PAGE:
The root file-system
rootfs.ext2 contains all the data files and programs that make up an embedded Linux distribution.
It can be built in the
fs/ directory in the Emulator SDK.
The DApp components can reside in the root file-system itself, or in their own, separate file-system.
Additional flash drives can be used as the DApp input and output, either containing file-systems or containing raw data.
The emulator can be instructed to execute whatever computation the DApp wishes to perform inside the Cartesi Machine.
For a complete description of the Cartesi Machine architecture and the boot process, see the documentation for the target perspective.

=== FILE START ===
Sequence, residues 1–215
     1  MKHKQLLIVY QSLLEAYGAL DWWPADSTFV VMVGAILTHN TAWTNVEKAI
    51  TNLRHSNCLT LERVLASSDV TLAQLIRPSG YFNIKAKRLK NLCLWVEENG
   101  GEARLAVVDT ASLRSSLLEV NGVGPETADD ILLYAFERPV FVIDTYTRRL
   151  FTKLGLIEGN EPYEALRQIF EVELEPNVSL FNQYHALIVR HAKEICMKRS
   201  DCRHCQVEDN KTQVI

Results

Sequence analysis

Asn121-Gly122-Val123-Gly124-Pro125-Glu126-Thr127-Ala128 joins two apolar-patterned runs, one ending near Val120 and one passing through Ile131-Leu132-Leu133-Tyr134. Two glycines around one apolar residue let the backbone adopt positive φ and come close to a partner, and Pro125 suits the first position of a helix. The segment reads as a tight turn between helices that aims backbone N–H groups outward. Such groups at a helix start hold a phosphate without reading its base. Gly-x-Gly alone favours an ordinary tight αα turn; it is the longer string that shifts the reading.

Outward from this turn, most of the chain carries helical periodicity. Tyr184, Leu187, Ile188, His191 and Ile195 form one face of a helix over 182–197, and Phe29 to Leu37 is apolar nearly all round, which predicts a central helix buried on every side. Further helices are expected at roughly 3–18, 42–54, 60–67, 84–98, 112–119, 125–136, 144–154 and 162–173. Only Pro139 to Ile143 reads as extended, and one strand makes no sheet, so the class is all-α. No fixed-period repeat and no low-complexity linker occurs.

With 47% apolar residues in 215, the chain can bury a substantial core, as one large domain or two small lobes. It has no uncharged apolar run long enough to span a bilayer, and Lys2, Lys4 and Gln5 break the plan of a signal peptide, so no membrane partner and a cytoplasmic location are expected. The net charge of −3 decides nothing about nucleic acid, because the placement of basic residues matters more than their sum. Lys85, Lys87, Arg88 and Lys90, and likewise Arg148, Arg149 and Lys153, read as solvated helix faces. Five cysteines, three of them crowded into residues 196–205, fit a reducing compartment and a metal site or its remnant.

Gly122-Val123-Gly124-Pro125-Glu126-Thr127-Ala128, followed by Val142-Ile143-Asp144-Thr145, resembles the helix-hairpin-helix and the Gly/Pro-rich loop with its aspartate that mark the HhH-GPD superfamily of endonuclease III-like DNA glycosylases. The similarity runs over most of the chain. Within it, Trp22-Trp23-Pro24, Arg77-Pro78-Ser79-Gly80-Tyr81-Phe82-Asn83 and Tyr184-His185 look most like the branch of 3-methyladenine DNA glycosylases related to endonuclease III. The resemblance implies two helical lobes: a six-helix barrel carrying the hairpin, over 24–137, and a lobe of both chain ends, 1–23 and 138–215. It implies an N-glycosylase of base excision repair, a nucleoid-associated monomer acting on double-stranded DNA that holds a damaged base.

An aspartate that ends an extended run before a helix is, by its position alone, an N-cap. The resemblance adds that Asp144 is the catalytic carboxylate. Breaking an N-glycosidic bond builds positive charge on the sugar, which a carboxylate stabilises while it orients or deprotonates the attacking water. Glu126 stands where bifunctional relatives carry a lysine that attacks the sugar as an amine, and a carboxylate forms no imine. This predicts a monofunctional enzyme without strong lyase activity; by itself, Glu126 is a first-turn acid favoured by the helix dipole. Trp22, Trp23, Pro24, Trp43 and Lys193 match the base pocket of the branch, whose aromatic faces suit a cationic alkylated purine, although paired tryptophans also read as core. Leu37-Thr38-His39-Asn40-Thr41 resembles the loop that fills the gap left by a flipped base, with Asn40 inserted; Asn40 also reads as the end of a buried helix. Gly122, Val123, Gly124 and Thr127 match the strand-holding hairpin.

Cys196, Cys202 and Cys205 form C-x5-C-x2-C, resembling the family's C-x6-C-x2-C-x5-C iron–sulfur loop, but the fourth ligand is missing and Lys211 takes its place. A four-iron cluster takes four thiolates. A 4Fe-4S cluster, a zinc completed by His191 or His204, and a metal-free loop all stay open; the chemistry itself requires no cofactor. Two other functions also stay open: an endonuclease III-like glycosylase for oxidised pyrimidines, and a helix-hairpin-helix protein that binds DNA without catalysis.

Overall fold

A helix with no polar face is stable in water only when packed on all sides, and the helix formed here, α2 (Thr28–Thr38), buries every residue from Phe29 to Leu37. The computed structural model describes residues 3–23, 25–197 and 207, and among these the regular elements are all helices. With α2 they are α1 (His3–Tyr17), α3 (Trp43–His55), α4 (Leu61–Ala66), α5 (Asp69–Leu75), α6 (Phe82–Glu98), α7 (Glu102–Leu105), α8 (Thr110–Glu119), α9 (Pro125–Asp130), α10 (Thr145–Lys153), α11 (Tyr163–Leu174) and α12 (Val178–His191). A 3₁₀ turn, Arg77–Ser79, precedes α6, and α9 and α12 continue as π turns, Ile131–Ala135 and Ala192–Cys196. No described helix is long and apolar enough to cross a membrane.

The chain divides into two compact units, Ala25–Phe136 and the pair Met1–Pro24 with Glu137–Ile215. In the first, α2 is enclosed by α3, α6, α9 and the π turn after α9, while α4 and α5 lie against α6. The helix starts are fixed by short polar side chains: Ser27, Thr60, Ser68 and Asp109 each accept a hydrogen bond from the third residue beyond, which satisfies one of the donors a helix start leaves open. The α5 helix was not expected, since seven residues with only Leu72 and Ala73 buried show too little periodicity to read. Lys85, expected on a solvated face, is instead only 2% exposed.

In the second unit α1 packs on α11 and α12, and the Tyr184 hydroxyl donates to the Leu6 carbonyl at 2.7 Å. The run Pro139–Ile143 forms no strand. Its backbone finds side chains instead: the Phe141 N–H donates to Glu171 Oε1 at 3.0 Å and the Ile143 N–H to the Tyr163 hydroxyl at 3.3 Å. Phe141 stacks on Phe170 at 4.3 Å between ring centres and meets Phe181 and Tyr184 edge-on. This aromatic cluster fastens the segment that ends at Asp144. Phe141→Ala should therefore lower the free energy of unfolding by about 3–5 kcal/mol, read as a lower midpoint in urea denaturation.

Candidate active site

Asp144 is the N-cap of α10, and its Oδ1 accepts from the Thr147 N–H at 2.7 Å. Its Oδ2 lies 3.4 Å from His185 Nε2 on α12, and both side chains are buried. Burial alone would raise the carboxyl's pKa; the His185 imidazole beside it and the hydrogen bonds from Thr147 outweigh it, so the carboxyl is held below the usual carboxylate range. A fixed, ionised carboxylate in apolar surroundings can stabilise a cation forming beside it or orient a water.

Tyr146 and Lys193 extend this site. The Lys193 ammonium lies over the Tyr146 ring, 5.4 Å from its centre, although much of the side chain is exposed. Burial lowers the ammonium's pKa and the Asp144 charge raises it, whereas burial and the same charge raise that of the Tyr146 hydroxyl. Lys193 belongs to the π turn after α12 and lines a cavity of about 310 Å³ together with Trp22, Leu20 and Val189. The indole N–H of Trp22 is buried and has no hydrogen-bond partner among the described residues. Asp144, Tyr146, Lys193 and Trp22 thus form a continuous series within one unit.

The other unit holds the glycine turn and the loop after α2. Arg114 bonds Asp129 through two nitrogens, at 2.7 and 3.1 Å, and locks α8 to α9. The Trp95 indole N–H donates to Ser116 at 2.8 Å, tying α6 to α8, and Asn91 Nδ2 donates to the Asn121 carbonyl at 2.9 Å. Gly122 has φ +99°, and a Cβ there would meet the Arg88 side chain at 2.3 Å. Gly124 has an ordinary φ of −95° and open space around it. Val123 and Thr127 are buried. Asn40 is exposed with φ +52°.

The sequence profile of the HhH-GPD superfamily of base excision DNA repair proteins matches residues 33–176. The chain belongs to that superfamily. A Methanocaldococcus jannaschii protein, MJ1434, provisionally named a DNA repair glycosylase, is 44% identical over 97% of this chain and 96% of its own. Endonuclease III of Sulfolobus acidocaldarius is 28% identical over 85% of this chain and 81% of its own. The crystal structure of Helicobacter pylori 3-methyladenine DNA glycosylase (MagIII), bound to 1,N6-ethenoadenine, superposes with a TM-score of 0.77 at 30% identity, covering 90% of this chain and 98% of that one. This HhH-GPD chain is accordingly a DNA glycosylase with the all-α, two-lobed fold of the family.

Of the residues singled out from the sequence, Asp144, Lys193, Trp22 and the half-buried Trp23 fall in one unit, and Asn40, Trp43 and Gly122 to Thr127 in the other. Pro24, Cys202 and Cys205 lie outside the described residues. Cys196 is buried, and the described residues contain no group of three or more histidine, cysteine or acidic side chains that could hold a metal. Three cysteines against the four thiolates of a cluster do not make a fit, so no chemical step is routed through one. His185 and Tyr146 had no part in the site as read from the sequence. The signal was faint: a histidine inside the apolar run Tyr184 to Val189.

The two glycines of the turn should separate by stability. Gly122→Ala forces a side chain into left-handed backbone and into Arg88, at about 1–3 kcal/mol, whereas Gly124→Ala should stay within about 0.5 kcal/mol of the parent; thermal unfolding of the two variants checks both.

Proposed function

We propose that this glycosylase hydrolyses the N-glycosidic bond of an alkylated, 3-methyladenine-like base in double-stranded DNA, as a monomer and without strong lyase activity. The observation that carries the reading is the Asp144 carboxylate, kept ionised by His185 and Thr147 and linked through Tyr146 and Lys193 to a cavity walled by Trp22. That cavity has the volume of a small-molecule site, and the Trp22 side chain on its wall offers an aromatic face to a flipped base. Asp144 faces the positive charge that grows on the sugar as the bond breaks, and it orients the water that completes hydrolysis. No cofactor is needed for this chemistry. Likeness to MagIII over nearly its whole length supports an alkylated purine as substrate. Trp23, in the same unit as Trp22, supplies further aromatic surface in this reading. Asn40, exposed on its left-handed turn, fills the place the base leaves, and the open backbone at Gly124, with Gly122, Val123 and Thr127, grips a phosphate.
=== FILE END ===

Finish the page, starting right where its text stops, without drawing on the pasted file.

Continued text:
The setup of a new development environment is often a time-consuming task.
This is particularly true in case of cross-development environments (i.e., when the development happens in a host platform but software runs in a different target platform).
To enable immediate experimentation with Cartesi Machines, the documentation includes its own Docker image, the
This comes with a pre-built emulator and Lua interpreter accessible within the command-line, as well as a pre-built ROM image, RAM image, and root file-system.
It also comes with the cross-compiler for the RISC-V architecture on which the Cartesi Machine is based.
To enter the playground, open a terminal, clone the documentation repository, build the playground image, and start a container based on it